Air pollution is killing over three million people around the globe per year. Scientists say if nothing is done to reduce pollutants such as ozone and tiny particles, the figure can easily double by the year 2050.
According to a study published in the journal Nature on Wednesday, the biggest cause for such deaths in Asian countries is coal burnt for heating homes and cooking, and in the US and Europe farming emissions is the leading cause.
“This is an astounding number,” said study leader Jos Lelieveld of the Max Planck Institute for Chemistry in Germany. “In some countries air pollution is actually a leading cause of death, and in many countries it is a major issue.”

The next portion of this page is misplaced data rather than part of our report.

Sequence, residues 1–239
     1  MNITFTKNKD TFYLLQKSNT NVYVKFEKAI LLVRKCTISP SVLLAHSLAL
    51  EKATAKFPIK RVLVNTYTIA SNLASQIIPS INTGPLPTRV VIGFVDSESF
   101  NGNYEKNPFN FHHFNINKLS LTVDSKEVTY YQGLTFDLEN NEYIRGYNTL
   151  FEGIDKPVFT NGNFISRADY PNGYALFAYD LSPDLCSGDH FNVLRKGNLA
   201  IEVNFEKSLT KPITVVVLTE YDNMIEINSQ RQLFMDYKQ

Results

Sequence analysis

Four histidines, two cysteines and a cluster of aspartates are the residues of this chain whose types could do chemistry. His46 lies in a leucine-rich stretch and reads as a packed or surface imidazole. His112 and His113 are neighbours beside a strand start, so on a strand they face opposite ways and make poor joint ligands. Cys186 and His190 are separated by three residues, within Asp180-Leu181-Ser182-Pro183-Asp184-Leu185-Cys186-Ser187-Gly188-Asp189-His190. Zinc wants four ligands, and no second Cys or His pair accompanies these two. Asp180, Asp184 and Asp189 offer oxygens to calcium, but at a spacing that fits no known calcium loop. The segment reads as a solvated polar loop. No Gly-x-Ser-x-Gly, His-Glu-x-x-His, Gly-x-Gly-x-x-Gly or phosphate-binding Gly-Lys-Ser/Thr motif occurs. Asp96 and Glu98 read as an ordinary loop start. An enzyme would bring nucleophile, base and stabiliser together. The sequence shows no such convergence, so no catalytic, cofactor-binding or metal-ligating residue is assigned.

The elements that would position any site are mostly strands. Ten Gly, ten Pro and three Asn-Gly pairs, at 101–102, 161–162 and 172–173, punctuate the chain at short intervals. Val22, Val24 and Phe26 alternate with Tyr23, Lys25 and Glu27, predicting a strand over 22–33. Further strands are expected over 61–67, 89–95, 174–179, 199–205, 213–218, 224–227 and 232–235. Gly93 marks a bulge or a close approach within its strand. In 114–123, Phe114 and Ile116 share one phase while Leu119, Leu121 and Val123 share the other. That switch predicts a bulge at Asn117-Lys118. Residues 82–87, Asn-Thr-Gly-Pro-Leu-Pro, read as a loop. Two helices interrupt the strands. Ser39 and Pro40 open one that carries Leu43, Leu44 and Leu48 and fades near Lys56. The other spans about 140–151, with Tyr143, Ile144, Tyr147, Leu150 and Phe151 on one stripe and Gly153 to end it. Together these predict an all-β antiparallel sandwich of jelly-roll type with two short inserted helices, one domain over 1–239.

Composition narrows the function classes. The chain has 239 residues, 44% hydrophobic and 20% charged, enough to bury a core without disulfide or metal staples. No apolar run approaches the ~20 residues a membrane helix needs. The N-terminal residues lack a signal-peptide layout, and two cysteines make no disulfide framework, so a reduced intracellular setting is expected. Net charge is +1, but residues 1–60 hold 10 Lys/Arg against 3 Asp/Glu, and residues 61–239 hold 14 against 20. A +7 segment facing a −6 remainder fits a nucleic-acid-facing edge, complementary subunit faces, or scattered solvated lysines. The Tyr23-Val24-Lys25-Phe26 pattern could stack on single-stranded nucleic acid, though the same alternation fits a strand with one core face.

A large number of the victims, around 75 percent, succumb to heart attacks and strokes due to the long-term inhalation of particles floating in the air. The rest are killed by lung cancer and respiratory diseases.
The study shows that unless world countries adopt stricter regulations, the death toll will reach 6.6 million in 35 years.
“If this growing premature mortality by air pollution is to be avoided, intensive control measures will be needed especially in south and east Asia,” Lelieveld said.
The research was carried out by combining models of air quality measurements, population, and health statistics data.